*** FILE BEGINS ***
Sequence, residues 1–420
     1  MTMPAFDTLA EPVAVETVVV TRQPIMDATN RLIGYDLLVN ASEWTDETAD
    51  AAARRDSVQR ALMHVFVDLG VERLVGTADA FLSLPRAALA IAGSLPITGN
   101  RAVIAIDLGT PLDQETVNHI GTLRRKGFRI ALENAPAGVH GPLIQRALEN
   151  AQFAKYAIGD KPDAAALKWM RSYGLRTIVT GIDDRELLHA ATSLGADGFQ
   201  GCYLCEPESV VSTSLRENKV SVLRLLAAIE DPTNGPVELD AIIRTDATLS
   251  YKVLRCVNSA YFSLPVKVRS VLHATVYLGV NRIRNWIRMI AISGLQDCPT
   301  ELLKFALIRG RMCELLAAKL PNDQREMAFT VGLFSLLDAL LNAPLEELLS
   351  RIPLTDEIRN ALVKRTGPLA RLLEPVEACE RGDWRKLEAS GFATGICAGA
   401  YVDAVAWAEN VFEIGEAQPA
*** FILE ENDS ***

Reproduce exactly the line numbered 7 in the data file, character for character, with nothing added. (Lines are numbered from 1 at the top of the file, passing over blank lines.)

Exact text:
   251  YKVLRCVNSA YFSLPVKVRS VLHATVYLGV NRIRNWIRMI AISGLQDCPT